Today, legislation and regulations supporting the Better Advice Bill have been opened for consultation. You'll have until October 15th to provide feedback, so let's briefly discuss what's included in the package.
Changes to the FASEA rules
First, the draft material sets in stone the exam deadline extension for advisers who have made two previous attempts before December 31st this year. As previously flagged by Senator Jane Hume, this affords advisers more time - up until September 30th next year - to complete the exam.
Furthermore, the application fee for sitting the exam (as administered by ASIC from next year) will be set at $948 and is not subject to GST or indexation. An application for ASIC to review the marking of one or more answers to written-style exam questions will cost $218 and can only be made once per person, per exam.
Following on from FASEA extending leniency to advisers applying for the November round of exams, the Government has also scrapped the three-month requirement in a new legislative instrument. This means advisers will no longer have to wait three months between exam attempts.
On top of this, advisers will no longer need to apply to seek alternative arrangements for sitting the exam; exams can now be taken in person, virtually, or through other arrangements.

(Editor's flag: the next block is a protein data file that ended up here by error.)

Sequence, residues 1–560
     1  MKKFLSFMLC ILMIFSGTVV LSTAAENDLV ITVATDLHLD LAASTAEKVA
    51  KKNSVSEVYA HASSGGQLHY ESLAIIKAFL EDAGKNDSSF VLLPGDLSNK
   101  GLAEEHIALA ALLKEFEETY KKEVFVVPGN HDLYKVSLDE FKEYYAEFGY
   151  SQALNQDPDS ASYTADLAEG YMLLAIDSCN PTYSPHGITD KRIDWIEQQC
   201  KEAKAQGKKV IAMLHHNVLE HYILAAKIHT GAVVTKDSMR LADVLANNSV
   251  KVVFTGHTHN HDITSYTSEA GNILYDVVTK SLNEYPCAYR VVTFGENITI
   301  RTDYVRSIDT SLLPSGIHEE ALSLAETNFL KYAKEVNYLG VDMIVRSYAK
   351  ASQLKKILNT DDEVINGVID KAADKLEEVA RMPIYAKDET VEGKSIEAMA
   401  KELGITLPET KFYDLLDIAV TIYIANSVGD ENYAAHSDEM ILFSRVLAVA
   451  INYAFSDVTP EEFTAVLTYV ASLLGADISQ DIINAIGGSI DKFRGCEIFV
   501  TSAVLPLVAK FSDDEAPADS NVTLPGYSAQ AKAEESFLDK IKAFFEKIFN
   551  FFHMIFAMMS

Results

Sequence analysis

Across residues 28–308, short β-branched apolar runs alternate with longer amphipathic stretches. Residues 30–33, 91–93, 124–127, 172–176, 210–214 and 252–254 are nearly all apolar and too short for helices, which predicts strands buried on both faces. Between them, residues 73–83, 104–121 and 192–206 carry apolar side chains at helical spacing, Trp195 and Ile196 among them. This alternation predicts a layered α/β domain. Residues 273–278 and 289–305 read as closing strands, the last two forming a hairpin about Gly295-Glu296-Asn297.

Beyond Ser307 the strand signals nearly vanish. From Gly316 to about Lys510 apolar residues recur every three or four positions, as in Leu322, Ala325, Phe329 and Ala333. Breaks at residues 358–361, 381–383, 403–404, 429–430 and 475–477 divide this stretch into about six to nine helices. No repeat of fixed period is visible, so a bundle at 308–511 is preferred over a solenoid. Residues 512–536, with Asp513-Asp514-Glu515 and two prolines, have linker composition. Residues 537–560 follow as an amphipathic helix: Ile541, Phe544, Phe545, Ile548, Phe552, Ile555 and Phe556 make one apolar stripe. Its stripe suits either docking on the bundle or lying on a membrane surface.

Single disciplinary body
The draft material also provides more detail as to when ASIC will be required to convene a Financial Services and Credit Panel (FSCP) under the terms of the new disciplinary regime for advisers. Generally, ASIC has discretion as to when a FSCP should be convened, but there are specific circumstances where it must do so.
If the regulator is not taking any other action, a peer review must be conducted by an FSCP when:
"Seriousness," in the list above, is determined by the material loss or damage to a client depending on their financial circumstances.
In order to address potential regulatory duplication, the new draft legislation also amends the Better Advice Bill such that certain civil penalty provisions are not considered "significant," in and of themselves, for the purposes of the breach reporting framework. These included failure to comply with CPD requirements and breaches of the Code of Ethics.
These changes have been made, the Government explained, because breaches of CPD requirements "are already required to be reported to ASIC by financial services licensees under section 922HB of the Corporations Act," and because Standard 1 of the Code of Ethics requires advisers to "act in accordance with all applicable laws."
"If breaches of the Code of Ethics were included in the breach reporting regime," the Government said, "then all breaches of a financial services law, no matter how minor, would have been reportable by virtue of a breach of the Code of Ethics being a restricted civil penalty provision."
There are further proposed changes included, which we will discuss in more detail next week, but if you'd like to provide feedback before the October 15th deadline you can do so here.
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